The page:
Trujillo is a nice little town for a laid-back, relaxing vacation. Not much to do there except lay on the beach and drink piña coladas while you decide where you will eat dinner that night. Guided boat tours of the Guaymoreto Wildlife Refuge lagoon provide an opportunity to view birds, monkeys, alligators, and other wildlife, if you are lucky.

This and the next picture were taken from the window of our first hotel room at the Villa Brinkley Hotel. We changed hotels three times and only stayed at this hotel one night. The hotel advertises itself as a "Complete Spa and Resort Hotel with a gourmet restaurant and the best view of Trujillo." The view of the bay was pretty but the hotel was so depressing. Dark and dusty, I think it was empty except for us. We went to the hotel restaurant for dinner and we waited so long that I think the waiter must have gone into town to get the cook to come back to work.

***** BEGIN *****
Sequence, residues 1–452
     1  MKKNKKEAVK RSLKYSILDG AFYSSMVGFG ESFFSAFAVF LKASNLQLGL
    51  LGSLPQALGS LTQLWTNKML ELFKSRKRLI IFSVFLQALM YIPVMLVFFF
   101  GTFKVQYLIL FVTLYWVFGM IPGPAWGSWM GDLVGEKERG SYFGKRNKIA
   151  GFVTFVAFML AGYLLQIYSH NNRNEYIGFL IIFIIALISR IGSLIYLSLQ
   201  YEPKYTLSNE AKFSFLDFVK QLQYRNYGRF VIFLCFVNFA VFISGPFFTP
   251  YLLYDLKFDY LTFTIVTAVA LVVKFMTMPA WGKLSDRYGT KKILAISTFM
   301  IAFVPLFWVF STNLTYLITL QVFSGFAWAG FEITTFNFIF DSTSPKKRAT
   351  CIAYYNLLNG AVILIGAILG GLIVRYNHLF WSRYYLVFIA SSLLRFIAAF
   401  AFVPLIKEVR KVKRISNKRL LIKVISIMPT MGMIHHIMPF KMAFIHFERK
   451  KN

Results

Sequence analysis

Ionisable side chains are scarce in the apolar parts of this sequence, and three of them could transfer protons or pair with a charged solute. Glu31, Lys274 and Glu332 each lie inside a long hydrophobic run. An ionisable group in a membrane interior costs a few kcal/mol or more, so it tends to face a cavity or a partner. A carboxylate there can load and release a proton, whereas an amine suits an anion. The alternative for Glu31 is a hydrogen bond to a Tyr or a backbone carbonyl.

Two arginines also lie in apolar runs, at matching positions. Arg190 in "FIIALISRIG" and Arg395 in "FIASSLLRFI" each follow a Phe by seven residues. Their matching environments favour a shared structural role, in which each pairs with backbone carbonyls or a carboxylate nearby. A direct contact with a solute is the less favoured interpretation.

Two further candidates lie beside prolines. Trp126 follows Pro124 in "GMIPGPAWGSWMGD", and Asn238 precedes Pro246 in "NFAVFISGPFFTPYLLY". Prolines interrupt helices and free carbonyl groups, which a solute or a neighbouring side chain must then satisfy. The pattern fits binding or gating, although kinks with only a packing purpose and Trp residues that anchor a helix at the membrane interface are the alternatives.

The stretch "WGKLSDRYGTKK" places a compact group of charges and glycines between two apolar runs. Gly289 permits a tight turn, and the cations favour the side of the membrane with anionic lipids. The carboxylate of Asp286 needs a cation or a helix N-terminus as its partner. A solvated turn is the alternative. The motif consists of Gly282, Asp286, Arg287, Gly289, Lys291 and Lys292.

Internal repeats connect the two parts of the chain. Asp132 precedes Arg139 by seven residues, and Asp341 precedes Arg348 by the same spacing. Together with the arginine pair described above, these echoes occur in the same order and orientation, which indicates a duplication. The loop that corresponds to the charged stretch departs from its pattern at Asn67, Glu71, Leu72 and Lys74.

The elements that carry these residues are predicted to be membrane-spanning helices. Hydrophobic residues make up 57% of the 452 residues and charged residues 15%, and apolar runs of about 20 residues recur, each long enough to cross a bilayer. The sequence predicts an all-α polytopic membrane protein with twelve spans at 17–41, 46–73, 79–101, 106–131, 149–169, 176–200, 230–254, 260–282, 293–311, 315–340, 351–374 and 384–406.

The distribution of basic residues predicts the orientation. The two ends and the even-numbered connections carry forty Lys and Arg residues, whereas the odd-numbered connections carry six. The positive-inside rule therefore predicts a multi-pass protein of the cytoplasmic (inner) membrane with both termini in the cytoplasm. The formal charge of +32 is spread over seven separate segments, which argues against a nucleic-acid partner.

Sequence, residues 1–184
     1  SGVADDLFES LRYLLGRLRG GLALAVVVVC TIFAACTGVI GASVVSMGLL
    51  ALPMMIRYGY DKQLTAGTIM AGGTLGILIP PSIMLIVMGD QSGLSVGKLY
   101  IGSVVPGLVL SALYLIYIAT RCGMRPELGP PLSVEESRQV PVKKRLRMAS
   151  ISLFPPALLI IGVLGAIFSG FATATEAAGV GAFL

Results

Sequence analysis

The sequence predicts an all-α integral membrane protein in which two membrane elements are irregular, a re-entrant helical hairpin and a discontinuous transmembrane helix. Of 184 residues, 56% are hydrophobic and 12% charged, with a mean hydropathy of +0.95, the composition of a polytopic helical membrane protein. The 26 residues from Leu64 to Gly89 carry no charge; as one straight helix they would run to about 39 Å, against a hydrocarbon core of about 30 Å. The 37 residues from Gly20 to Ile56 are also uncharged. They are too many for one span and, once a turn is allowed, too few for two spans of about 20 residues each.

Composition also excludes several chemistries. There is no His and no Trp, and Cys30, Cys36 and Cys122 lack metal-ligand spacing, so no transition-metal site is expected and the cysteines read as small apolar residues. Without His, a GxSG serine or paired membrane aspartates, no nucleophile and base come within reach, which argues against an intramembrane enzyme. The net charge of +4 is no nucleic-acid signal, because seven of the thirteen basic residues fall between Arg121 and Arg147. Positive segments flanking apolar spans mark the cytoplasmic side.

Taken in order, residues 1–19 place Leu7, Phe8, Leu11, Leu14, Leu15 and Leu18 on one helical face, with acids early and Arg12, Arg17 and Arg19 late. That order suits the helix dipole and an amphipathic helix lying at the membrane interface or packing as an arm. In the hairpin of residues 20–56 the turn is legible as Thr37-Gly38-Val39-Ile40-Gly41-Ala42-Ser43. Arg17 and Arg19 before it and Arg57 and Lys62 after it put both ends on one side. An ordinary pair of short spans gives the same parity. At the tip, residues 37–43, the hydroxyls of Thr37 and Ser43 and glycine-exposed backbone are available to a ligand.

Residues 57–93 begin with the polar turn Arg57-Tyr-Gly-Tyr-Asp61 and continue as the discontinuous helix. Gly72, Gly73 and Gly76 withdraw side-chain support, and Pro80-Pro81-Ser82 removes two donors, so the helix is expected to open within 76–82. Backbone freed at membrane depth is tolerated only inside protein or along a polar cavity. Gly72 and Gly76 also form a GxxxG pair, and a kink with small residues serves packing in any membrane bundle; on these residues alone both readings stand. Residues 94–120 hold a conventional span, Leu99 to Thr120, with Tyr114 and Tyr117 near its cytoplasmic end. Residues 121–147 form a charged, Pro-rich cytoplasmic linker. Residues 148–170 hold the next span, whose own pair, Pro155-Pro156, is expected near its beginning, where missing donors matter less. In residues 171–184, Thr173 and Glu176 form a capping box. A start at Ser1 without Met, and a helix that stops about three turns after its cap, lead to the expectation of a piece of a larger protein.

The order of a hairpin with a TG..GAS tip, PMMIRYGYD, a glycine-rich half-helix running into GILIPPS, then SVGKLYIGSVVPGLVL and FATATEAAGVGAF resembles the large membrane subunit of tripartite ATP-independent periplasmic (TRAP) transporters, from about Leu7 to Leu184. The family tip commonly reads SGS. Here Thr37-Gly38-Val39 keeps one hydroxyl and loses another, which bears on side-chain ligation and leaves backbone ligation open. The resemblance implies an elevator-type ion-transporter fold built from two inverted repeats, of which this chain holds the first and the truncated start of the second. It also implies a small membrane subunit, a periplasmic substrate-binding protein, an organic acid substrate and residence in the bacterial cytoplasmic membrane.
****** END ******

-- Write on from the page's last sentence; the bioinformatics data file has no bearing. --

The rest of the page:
The little house is typical of houses in small towns or the poorer areas of larger cities. They are usually one room with a curtain drawn across the middle to separate the sleeping area from the living and cooking area. It doesn't appear to have electricity or running water, like so many of the houses here in Honduras.

This is the front of the Christopher Columbus Hotel on the beach a couple of miles outside of town. That concrete in front of the hotel is the airport runway. Well, just runway would be more accurate because there is no airport. It's very convenient, though. You just climb out of the plane and walk across the runway to the hotel. No need for a taxi. ;) Pack light, though, because no one will come out of the hotel to help you with your luggage.

The Christopher Columbus hotel is the best and most expensive in Trujillo, but that isn't saying a whole lot. We have learned to never rent a hotel room in Honduras until we have looked at it and checked that the lights and air conditioning work and that it has running water in the sink and shower. Not all do! Even though this hotel was virtually empty, too, they managed to assign us a room with no lights in the bathroom and a shower that didn't work. The beach and the restaurant are nice, though.